234

Is there a 'standard' way to specify that a task continuation should run on the thread from which the initial task was created?

Currently I have the code below - it is working but keeping track of the dispatcher and creating a second Action seems like unnecessary overhead.

dispatcher = Dispatcher.CurrentDispatcher;
Task task = Task.Factory.StartNew(() =>
{
    DoLongRunningWork();
});

Task UITask= task.ContinueWith(() =>
{
    dispatcher.Invoke(new Action(() =>
    {
        this.TextBlock1.Text = "Complete"; 
    }
});
2
  • In the case of your example, you could use Control.Invoke(Action), ie. TextBlock1.Invoke rather than dispatcher.Invoke Jul 12, 2016 at 11:11
  • 2
    Thanks @ColonelPanic, but I was using WPF (as tagged), not winforms. Jul 13, 2016 at 3:12

5 Answers 5

390

Call the continuation with TaskScheduler.FromCurrentSynchronizationContext():

    Task UITask= task.ContinueWith(() =>
    {
     this.TextBlock1.Text = "Complete"; 
    }, TaskScheduler.FromCurrentSynchronizationContext());

This is suitable only if the current execution context is on the UI thread.

8
  • 41
    Its valid only if the current execution context is on the UI thread. If you put this code inside another Task, then you get InvalidOperationException (look at Exceptions section)
    – stukselbax
    Jun 19, 2014 at 8:41
  • 3
    In .NET 4.5 Johan Larsson's answer should be used as standard way for a task continuation on the UI thread. Just write: await Task.Run(DoLongRunningWork); this.TextBlock1.Text = "Complete"; See also: blogs.msdn.com/b/pfxteam/archive/2011/10/24/10229468.aspx Jul 15, 2016 at 9:32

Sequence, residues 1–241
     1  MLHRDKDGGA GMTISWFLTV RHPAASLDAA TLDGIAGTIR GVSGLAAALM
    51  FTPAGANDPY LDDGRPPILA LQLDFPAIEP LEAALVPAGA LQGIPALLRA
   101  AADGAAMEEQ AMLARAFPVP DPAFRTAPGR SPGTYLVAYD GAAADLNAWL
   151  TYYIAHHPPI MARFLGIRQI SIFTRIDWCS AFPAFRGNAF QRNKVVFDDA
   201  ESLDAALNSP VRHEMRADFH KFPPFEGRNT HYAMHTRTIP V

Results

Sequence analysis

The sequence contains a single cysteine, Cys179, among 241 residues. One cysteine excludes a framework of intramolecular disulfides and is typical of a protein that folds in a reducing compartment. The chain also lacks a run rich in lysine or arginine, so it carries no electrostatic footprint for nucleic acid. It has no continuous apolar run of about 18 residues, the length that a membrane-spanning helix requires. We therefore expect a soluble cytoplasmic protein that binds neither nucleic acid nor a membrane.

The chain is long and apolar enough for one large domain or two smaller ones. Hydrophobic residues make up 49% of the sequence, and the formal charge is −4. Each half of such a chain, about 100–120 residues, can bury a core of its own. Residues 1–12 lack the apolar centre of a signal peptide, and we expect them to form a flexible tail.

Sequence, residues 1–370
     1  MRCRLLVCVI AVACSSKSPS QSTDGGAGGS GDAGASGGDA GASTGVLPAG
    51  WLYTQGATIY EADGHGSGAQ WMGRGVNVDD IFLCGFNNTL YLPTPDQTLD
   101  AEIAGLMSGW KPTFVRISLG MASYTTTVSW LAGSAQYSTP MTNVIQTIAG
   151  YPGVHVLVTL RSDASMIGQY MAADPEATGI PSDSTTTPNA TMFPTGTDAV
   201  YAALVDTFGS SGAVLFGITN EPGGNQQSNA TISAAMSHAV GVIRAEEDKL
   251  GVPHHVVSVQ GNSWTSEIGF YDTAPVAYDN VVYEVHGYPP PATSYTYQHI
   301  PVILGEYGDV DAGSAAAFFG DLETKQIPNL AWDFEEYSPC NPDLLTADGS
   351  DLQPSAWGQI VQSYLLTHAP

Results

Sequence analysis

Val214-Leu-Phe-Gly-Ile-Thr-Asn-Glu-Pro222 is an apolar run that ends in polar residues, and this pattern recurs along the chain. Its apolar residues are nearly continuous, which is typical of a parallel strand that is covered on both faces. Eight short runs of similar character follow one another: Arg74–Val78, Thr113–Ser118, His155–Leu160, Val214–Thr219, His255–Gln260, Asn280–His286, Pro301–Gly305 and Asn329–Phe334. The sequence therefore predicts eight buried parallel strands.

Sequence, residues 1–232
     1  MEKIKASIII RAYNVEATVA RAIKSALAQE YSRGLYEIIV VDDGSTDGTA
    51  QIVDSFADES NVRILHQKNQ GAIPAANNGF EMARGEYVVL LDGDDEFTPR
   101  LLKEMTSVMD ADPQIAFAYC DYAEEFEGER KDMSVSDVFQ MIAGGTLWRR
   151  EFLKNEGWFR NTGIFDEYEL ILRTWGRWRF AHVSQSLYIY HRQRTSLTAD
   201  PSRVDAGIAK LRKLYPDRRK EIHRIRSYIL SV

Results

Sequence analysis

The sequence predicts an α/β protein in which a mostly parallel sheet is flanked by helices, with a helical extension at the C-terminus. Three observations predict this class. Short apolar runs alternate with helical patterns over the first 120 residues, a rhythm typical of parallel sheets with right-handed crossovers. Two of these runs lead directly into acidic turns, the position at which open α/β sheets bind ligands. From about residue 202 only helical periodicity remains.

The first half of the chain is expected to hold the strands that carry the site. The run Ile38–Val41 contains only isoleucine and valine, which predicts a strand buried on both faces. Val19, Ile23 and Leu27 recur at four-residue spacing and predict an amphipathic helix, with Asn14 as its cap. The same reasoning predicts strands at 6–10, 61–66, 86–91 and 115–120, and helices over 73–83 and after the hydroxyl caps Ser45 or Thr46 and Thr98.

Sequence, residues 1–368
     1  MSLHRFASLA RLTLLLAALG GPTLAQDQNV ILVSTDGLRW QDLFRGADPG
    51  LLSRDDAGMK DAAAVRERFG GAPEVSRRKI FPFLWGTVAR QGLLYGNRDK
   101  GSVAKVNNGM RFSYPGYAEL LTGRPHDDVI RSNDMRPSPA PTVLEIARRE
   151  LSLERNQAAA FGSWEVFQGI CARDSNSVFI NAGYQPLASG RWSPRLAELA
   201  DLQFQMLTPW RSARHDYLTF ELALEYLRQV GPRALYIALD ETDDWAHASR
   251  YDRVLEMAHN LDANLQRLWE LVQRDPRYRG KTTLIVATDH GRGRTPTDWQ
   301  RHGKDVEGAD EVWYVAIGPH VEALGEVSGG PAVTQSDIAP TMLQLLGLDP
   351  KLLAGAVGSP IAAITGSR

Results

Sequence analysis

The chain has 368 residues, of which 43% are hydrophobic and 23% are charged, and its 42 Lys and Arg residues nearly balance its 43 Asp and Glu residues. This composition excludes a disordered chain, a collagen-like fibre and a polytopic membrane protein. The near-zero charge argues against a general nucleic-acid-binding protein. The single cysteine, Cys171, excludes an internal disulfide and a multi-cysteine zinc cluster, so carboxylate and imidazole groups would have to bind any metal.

• 2
    Thx for saving my life. I spend hours to figure out how to call main thread things within the await/ContinueWith. For everyone else how is using Google Firebase SDK for Unity and still has the same issues, this is a working approach.
    – C-H-a-P
    Sep 15, 2019 at 10:22
  • 2
    @MarcelW - await is a good pattern - but only if you are inside an async context (such as a method declared async). If not, it is still necessary to do something like this answer. Nov 24, 2019 at 0:18
  • @MarcelW Your link is dead and there's no cache of this page on the Wayback Machine. Can you find another source? Nov 12, 2021 at 19:05
36

With async you just do:

await Task.Run(() => do some stuff);
// continue doing stuff on the same context as before.
// while it is the default it is nice to be explicit about it with:
await Task.Run(() => do some stuff).ConfigureAwait(true);

However:

await Task.Run(() => do some stuff).ConfigureAwait(false);
// continue doing stuff on the same thread as the task finished on.
4
  • 2
    The comment under the false version confuses me. I thought false means it might continue on a different thread. Jun 27, 2018 at 7:25